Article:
Which brings me back to the Teragram Ballroom on October 10th. Fair warning: I’ve loved JR JR since I first heard them a couple years back, but I really didn’t know what to expect from their live show outside of some inevitably amazing whistling. Needless to say, I wasn’t disappointed.

First off, I’d be a buffoon (I knew I’d be able to sneak the word ‘buffoon’ into something someday) not to mention Hippo Campus, who opened for JR JR. Their set was strong and they looked like they were having more fun than everyone. What do you do when you want an encore from the opener? Well, you write about the concert and hope that said opener sees said article and agrees to get drunk with you someday.

As the Teragram Ballroom pulsed with Hippo Campus’ energy, I noticed how much it reminded me of 40 Watt Club in Athens. Before the Athenian nostalgia set in too hard those JR JR letter lights started doing far more than “blinking,” as Josh, Daniel, and the band took to the stage, opening with “As Time Goes.” I was blown away by both the sound quality and the light show. I mean I really can’t express how much I underestimated those damn letter lights.

JR JR weaved their way through new material as well as old. They had the whole room dancing during songs and laughing in between. At some point after their cover of Madonna’s “Like a Virgin” but before they highlighted the different Detroits (Kid Rock, Insane Clown Posse, Eminem, and them), I realized that JR JR is able to do what they do not solely because they’re talented, but because they’re honest and passionate. It’s who they are, and it shows on stage as well as on their albums.

Not to get too “Hallmark-y” here, but it’s pretty rare to find a band that creates catchy songs that actually say something of worth. Don’t get me wrong, bubblegum pop has its place, but I’ll forever prefer the sweet, soulful sounds of JR JR. After a brief exit from the stage, JR JR answered the crowd’s calls for an encore. They returned wearing these incredible jackets. As they ended the night with “Nothing But Our Love,” it was clear that that’s exactly what they had from the tightly packed audience at the Teragram Ballroom.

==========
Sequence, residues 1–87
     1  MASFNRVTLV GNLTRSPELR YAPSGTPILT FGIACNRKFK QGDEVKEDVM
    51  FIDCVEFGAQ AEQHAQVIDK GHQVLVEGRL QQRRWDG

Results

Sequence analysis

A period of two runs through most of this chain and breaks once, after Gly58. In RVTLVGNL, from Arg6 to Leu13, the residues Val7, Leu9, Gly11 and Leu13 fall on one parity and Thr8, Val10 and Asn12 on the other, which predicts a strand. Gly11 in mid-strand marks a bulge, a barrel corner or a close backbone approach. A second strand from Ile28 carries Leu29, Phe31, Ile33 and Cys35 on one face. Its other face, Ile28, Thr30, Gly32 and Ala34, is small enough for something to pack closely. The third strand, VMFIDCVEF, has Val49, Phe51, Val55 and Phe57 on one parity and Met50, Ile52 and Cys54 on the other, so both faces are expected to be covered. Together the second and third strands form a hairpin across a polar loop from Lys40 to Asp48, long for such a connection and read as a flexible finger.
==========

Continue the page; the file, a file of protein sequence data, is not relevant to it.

Hailing from 'The Good Life City' of Albany, Georgia, Colby Pines is the middle child of five boys. While his family is primarily comprised of men, the Pines family did have a female dog once... unfortunately she died... God bless his poor mother. When Mr. Pines was in third grade the doctors discovered that he had an extra bone in his knee. The bone did not possess any magical powers or help Colby run faster/jump higher, so the doctors surgically removed the bone and refused to let Colby keep it as a souvenir. Colby recently graduated from the University of Georgia with a Bachelor's degree in English and a Master's degree in having cool friends and wearing great sweaters. Colby studied abroad at Oxford University's Trinity College where he was able to visit three of the four coasts, but was not able to bring back a baby with a British accent. Colby enjoys going to the movies, scotch, traveling, playing folk music with his band, BirdHead, eating good and bad food, writing, dabbling, playing Fantasy Football with his Pigskinz and Sundee Beerz League, reading a great book, and all sorts of music. While Colby has a bit of a bipolar taste in music, some of his favorite bands include: Band of Horses, Death Cab for Cutie, 2pac, Washed Out, Johnny Cash, Childish Gambino, Local Natives, The Beatles, Danny Brown, and Beach House. Colby is currently single and quite possibly ready to mingle. Colby has broken five bones, saved two children from drowning, been to Canada twice, and almost fallen into The Grand Canyon once. While he tends to miss things like Breaking Bad, eighth grade, Hey Arnold!, and Surge soda, Colby's excited for the future where he hopes to continue writing and doing the things that he loves.